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Right on Crime | August 29, 2011
Since its inception in 1988, the honest services fraud statute has faced boisterous criticism. The statute was designed to criminalize corruption of public officials, but it has been abused by prosecutors to press charges against unpopular public figures. The statute is extremely vague, and it has been stretched to cover a number of activities that are not necessarily blameworthy.
Last year, the U.S. Supreme Court stepped in and limited the scope of the honest services fraud statute to criminalize only bribes and kickbacks in Skilling v. United States. Justice Ginsburg wrote for the majority, “to satisfy due process, a penal statute [must] define the criminal offense  with sufficient definiteness that ordinary people can understand what conduct is prohibited and  in a manner that does not encourage arbitrary and discriminatory enforcement.”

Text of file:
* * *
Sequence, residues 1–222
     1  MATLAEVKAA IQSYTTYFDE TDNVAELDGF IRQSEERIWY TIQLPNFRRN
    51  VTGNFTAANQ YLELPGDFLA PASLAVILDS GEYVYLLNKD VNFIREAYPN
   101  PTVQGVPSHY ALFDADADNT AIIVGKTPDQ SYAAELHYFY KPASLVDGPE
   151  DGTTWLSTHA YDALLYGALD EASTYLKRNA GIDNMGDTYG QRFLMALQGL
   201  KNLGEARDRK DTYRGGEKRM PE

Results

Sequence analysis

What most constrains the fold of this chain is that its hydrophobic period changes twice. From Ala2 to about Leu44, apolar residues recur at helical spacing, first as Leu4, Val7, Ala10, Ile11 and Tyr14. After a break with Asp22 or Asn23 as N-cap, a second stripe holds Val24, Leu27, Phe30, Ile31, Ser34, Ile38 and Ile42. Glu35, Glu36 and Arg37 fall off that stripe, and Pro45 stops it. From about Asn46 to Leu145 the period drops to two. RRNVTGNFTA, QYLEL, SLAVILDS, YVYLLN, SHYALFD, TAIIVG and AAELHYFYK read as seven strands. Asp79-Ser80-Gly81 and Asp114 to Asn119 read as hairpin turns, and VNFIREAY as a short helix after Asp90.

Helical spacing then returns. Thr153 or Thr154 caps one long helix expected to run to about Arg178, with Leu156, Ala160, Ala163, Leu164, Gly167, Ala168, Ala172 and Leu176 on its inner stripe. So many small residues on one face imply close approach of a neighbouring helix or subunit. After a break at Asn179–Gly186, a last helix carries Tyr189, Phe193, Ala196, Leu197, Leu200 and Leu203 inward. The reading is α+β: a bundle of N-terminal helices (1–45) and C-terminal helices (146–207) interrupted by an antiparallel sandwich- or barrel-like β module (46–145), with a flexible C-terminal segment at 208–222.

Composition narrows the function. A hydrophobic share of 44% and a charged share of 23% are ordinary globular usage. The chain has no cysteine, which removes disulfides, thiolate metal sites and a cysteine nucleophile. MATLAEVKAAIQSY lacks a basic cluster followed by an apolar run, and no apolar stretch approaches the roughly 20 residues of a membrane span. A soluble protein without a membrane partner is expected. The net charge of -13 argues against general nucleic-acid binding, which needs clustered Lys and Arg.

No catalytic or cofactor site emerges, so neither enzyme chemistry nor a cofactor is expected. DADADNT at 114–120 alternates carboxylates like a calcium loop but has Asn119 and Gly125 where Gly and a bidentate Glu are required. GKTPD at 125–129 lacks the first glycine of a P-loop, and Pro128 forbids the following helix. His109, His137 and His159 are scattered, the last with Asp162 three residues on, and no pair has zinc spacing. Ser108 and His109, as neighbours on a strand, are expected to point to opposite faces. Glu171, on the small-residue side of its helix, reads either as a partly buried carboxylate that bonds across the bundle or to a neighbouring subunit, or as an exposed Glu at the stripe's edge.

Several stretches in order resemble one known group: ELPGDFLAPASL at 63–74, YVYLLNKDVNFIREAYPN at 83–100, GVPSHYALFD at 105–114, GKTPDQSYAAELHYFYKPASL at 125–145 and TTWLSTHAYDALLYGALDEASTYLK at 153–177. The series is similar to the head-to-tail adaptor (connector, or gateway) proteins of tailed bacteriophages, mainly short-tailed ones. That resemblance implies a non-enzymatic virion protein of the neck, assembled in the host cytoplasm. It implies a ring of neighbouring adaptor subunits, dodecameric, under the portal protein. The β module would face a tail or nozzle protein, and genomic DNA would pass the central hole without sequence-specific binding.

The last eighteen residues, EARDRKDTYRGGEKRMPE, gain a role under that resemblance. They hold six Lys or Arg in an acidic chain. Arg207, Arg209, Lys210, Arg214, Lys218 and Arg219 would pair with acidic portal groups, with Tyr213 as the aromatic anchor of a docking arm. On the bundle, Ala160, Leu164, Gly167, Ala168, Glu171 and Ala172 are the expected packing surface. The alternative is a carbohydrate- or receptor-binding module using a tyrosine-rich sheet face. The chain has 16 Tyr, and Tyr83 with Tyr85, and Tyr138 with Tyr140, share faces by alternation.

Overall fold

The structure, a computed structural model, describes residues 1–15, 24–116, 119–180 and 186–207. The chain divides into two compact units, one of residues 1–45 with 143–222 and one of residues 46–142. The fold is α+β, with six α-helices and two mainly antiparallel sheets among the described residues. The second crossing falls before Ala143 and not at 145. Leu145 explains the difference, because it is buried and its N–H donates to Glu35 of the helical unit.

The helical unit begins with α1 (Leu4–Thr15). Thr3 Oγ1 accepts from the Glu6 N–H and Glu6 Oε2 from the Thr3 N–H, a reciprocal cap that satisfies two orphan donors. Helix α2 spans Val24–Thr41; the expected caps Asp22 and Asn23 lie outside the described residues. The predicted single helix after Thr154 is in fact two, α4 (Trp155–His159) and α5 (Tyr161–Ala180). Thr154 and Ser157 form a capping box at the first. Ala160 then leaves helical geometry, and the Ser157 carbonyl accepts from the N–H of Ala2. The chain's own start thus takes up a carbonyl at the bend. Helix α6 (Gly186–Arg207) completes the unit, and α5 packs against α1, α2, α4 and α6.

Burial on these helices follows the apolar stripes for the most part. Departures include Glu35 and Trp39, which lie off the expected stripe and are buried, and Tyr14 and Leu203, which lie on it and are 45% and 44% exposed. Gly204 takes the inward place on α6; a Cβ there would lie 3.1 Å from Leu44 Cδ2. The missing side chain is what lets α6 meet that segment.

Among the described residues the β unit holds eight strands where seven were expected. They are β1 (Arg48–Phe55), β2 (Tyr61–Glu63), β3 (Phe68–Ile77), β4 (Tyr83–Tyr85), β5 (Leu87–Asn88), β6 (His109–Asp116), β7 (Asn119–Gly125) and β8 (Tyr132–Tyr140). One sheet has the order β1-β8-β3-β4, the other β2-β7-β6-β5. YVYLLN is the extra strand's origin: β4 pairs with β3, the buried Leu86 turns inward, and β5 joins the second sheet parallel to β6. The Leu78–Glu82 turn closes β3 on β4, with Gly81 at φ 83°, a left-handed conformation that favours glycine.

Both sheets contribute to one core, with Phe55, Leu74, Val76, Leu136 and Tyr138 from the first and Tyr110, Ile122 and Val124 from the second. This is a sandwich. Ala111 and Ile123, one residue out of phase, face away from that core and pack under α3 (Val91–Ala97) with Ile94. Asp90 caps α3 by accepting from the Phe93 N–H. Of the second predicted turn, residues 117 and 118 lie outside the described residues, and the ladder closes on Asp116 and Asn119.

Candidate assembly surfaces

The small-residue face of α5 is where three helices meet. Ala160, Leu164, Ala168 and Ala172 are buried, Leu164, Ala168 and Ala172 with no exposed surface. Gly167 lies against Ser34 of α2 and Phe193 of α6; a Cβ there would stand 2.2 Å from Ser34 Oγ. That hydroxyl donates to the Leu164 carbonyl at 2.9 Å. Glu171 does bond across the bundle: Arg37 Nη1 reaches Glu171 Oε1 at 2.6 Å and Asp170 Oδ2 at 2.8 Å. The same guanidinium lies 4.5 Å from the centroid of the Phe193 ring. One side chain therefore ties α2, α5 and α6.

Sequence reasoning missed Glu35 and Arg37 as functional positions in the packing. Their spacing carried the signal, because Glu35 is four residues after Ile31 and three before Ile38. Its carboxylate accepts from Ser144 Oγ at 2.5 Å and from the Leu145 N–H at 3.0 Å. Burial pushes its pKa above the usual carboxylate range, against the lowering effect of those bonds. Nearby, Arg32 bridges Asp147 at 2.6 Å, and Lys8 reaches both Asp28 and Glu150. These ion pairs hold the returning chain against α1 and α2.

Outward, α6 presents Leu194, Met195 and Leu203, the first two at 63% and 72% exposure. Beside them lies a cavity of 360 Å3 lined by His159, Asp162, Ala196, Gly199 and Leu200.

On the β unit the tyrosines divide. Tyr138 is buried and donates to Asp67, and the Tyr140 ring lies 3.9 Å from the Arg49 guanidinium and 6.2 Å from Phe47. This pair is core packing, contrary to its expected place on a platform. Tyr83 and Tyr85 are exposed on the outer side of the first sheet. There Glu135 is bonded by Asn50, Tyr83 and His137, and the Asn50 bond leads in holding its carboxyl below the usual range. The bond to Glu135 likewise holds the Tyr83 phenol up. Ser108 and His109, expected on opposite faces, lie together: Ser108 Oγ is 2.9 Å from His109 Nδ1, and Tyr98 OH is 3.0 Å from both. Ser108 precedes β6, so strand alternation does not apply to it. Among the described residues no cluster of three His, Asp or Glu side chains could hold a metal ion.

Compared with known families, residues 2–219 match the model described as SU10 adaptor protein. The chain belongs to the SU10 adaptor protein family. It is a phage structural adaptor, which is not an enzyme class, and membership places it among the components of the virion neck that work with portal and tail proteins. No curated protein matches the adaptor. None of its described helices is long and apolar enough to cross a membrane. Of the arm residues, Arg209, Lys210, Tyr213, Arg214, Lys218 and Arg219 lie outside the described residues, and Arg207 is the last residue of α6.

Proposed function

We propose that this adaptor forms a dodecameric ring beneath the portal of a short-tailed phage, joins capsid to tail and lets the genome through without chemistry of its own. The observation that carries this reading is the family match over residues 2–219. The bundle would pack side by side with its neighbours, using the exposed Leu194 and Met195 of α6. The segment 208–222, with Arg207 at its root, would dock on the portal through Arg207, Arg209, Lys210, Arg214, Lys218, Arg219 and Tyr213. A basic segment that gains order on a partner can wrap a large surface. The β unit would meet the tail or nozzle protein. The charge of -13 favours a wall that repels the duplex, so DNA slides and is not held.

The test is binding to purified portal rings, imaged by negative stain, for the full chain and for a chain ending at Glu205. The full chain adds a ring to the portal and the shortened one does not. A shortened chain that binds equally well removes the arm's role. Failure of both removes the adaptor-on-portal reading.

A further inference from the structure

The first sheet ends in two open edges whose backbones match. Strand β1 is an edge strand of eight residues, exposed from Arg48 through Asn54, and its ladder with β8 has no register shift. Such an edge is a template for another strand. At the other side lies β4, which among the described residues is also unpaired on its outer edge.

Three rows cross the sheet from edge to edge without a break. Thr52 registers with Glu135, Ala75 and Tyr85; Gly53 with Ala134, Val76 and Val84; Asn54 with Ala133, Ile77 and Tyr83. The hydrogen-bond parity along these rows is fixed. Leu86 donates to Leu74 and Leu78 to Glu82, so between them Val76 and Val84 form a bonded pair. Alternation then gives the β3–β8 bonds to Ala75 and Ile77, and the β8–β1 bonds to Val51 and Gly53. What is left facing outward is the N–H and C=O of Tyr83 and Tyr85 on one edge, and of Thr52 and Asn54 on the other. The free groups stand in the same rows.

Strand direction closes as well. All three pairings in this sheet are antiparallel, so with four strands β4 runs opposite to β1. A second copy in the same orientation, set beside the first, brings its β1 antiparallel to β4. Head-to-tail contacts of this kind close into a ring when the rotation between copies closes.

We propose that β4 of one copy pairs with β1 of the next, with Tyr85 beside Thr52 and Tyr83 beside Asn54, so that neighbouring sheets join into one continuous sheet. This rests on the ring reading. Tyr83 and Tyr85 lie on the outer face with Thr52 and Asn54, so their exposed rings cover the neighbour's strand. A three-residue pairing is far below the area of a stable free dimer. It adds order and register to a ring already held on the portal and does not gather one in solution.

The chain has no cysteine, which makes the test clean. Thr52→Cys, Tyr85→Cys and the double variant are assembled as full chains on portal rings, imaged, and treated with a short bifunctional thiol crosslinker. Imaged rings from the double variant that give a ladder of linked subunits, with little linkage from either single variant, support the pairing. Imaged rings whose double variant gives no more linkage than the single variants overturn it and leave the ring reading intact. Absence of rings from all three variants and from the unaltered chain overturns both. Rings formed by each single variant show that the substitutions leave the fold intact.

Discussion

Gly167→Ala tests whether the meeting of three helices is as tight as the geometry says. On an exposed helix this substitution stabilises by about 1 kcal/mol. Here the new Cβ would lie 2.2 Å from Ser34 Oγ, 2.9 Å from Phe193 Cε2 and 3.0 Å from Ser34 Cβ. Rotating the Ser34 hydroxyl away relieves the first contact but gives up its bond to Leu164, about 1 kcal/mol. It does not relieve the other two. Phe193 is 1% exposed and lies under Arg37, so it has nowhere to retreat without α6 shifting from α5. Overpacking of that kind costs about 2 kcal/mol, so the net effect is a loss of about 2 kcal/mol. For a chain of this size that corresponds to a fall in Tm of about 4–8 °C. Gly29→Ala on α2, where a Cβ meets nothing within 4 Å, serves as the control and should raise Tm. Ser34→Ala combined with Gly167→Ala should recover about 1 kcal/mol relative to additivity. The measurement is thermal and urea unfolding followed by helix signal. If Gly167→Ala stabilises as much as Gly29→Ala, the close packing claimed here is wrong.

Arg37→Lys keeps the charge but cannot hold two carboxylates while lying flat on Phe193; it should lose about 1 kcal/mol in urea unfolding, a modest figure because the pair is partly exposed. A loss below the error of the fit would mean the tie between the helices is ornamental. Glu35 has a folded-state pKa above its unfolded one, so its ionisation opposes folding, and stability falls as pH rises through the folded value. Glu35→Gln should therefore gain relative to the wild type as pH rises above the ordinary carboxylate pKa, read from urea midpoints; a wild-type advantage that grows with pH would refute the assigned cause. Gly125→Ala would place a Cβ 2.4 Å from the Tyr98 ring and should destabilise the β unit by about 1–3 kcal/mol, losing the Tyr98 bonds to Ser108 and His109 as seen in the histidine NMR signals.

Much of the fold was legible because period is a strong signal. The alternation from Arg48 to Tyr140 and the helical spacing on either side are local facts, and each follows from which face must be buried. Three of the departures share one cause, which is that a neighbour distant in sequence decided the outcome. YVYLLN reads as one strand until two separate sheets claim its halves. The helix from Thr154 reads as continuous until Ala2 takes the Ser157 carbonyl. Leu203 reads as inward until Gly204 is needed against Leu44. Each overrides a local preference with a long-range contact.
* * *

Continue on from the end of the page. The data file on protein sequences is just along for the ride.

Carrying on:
The Wall Street Journal warns, however, that honest services fraud may not be done yet. Congress has taken it upon itself to remedy the Court’s “mistake,” and it has introduced a total of three new bills in the House and Senate designed to resuscitate “Honest Services.” Several of the suggested “fixes” will almost certainly violate the Skilling vagueness test, criminalizing an unknown behavior called “self-dealing.”
Even worse, in order to fill the honest services fraud void, federal prosecutors are stretching other similar statutes to recriminalize the same behavior. For example, the Justice Department has doubled its enforcement of the Foreign Corrupt Practices Act in the last year, and it now considers a “foreign official” to be essentially every foreign citizen.
Not only do vague laws breed uncertainty amongst governing officials and invite expensive legislation, but they often fail to stop the targeted behavior. Governmental corruption is a problem, but overreaching laws are not the way to stop it.